View Full Version : Extended Warranty and GM Bankruptcy

03-30-09, 06:15 PM
I just heard that if GM files for bankruptcy, we -- the US Taxpayers via the federal government -- will honor GM new car warranties. There is a thread here that discusses the fact that GMAC insures the extended warranties.
Any opinions about the wisdom of buying an extended warranty (GMPP) until the matter of bankruptcy is resolved, given the complications of bankruptcy on the dealer network and possible implications at GMAC?
Would a third party extended warranty make more sense?
Opinions, please.

04-01-09, 09:48 AM
News report said with GM in Chap.11, they would keep Chevy and Cadillac and discontinue the other brands.

04-01-09, 03:38 PM
Everything I have read says that GMAC will back up all of GMs warranties.

04-01-09, 04:46 PM
GMAC is a separate company all together - isn't it???

04-15-09, 10:51 AM
As with every bankruptcy the terms have yet to be finalized. Its up in the air as to how GM will deal with warranty claims. I have been to my dealer to get everything under the sun fixed on my 05 sts to make sure i dont get screwed. However perception is reality; how many CPO owners would buy gm again if there warranty's were not honored? not many, i certainly wouldnt. So this leads to the simply fact that GM must honor these warranties or tarnish there brand image. I am 99% confident all warranty's will be honored due to brand image.

GMAC is a separate company all together - isn't it???

04-15-09, 11:53 AM
The main reason I bought my 05 STS was because I wanted a CPO caddy with no worry about repairs unlike my Eldorado. If I get burned on this I'm going to be beyond pissed. That said.. I would think the fallout from them burning so many people on their warranty would do even more damage to their already tainted image.

I LOVE Cadillac and alot of other GM vehicles but it gets harder and harder to stick up for them. Between things like check engine lights that "have no fix" to even the small stuff like driving a Malibu or an Impala when I drop off my CADILLAC gets annoying. Losing my warranty would really be that final straw.

04-16-09, 08:20 AM
To update my original post in this thread, the Government wants GM to speed-up the closing of 1700 GM dealerships: http://news.yahoo.com/s/nm/20090416/bs_nm/us_gm_dealers;_ylt=ApA78zgt1B_PpTiqtuoUNFzZn414
Obviously, besides the concern about how GM filing for bankruptcy will affect original and extended GM warranties, that means that GM original and extended warranties will have 1700 fewer places to go for service and warranty claims. So, the GMPP looks less desirable, even without GM declaring bankruptcy.
On the other hand, I heard that U S Fidelis, a major third-party extended warranty provider, is in financial trouble.
Can anyone recommend a viable third-party extended warranty provider?
P. S. I also really like my STS and want to keep it as long as possible; but, given the numerous bells and whistles on the STS that can cost a bundle if they need repair, I cannot see keeping the car past the original GM bumper-to-bumper warranty unless I can secure a good, b-t-b extended warranty. Some good ideas already posted include ensuring that any slight problems are solved before the original warranty expires.]

04-16-09, 09:46 AM
The owners of defunct cars wind up at Cooter's Garage for the labor and the wrecking yards for parts. That's the way it's always been and always will be. Ask any Hudson, Nash, Studebaker, AMC, or Kaiser/Frazer owner.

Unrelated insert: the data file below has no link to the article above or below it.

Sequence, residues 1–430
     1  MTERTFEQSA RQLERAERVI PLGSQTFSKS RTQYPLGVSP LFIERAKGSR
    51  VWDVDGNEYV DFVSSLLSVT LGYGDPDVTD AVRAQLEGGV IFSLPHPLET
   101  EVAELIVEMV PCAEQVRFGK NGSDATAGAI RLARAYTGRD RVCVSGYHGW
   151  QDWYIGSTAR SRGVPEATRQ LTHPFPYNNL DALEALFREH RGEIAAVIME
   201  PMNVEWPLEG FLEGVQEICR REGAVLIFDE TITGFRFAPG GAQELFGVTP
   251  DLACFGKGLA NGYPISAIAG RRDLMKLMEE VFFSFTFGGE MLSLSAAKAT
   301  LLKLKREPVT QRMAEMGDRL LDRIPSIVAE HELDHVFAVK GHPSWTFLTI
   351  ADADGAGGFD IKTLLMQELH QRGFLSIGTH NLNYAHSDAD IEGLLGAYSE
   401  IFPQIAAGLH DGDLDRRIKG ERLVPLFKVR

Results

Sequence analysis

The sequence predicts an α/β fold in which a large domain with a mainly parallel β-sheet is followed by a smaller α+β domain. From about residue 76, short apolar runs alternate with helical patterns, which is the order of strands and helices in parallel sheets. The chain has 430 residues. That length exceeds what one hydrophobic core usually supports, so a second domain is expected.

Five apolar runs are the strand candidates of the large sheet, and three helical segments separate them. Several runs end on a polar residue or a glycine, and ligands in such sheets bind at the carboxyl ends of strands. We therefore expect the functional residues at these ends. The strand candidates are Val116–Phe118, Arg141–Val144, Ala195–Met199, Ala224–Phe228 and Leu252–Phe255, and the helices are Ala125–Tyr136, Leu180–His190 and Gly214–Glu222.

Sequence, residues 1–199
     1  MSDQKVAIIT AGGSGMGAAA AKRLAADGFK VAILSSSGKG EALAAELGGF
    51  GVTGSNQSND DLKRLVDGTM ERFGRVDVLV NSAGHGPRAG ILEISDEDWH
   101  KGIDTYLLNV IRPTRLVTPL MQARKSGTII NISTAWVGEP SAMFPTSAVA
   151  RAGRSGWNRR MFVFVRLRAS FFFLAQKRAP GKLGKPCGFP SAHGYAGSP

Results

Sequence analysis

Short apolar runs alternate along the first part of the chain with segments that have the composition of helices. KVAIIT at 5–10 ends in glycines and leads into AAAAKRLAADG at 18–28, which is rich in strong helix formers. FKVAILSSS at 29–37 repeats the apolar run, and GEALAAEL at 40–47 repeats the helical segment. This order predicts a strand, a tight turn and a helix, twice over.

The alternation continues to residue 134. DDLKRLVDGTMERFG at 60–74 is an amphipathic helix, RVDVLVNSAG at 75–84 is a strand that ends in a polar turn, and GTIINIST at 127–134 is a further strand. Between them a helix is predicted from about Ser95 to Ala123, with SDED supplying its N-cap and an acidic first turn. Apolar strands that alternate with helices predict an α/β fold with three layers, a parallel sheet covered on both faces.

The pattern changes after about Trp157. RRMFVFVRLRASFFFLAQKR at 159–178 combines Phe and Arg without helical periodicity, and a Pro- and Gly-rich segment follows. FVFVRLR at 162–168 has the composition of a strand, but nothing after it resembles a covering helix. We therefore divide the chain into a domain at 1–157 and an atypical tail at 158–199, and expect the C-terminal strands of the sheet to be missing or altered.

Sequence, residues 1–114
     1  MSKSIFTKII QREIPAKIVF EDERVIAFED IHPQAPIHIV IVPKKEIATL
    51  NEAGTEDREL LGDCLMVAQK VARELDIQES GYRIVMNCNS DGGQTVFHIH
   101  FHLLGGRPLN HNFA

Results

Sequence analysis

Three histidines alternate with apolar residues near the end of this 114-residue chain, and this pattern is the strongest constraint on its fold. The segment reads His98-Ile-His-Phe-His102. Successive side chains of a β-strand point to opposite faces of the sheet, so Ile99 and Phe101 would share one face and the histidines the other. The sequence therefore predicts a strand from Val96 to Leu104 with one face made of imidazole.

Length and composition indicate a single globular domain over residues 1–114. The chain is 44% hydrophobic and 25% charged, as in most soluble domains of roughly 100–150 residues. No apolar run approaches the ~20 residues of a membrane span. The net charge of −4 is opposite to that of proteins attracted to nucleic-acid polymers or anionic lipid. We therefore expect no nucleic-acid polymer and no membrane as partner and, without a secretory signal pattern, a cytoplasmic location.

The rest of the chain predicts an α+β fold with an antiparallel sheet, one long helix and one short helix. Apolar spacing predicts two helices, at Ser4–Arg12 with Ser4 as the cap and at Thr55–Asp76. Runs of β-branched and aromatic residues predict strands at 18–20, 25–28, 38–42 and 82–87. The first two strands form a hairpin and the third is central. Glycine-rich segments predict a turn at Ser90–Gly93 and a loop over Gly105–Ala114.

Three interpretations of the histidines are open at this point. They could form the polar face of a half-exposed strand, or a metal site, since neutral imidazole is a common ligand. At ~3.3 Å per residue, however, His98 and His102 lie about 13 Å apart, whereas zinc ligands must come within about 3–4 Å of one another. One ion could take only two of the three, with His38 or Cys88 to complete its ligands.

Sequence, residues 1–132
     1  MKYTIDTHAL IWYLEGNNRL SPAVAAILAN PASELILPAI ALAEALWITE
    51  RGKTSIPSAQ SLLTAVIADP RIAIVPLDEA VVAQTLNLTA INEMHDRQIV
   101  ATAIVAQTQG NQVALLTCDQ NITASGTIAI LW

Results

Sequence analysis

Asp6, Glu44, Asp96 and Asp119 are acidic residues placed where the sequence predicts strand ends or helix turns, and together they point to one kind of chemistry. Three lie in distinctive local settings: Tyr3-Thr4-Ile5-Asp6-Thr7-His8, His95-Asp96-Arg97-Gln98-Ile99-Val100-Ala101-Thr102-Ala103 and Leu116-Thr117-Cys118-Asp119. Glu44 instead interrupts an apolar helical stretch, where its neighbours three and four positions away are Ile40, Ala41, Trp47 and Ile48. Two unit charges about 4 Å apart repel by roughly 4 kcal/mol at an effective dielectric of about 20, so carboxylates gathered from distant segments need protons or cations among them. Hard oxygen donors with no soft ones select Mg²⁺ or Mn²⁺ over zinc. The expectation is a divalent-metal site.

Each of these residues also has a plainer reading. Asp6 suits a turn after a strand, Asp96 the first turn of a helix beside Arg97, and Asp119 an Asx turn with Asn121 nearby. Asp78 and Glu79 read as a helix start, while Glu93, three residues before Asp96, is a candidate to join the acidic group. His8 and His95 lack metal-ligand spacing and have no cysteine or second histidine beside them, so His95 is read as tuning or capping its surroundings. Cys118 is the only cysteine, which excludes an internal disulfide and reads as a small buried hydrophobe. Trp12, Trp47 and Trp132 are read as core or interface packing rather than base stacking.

04-16-09, 09:58 AM
Can anyone recommend a viable third-party extended warranty provider?

I purchased an extension, in 2001, for my '97 STS when it's original warranty ran out from a company called Warranty Direct. It was a 7yr/100K no deductible bumper-to-bumper and I used to the Very end ;)

Although not without making me sometimes jump some hurdles (they wanted to start using refurbed parts once the car was was like 7yrs old) they dealt with me fairly, paid the dealership Lots of money (over 6K total, 3K for head gaskets & timeserts alone), and all-in-all I was happy with them. They've been around a Long time....

I paid $1,250 in 2001 but for my '05 it went up to $4,000 so I went GMMP this time around. Time will tell if that was a good decision or not! :)

04-16-09, 10:22 AM
Cadillac will be particularly problematic because Cadillac owners have a reputation of being car poor skin flints that can't afford to own what they have. An aftermarket warranty will do you no good if there are no parts. Aftermarket parts makers only provide the popular parts for popular cars because they have to sell the stuff in volume to make any money. Some engine and transmission internal parts, ignition and fuel, and some electrical parts will be available. You can forget about suspension and crash damage parts except in the junkyard. Electronics including body modules and ECMs will be junkyard pulls. The cars will disappear one by one as each has its own particular unfixable failure and the survivors will surround it like vultures. The cars that hang around the longest will belong to those that can do their own work. The rest will fade away except for the few that will be brought out of storage every year for the Fourth of July parade to show the kids what America used to be like.

04-17-09, 11:08 PM
I have had good experience wih Zurich in the past. Warranty Direct is more high-pressure. Surf the web. There are some good pointers about auto warranties. Statistically, on these cars you may be better with a plan stated in terms of 'exclusions' rather than 'inclusions'. (i.e. they didn't specifically exclude HUD, so it's covered by the agreement.)

Any warranty involves a company that would prefer to avoid paying and a person that wants their issue covered. "Ya pays yo money and ya takes yo chances." With claims, be prepared to contend; be polite but firm.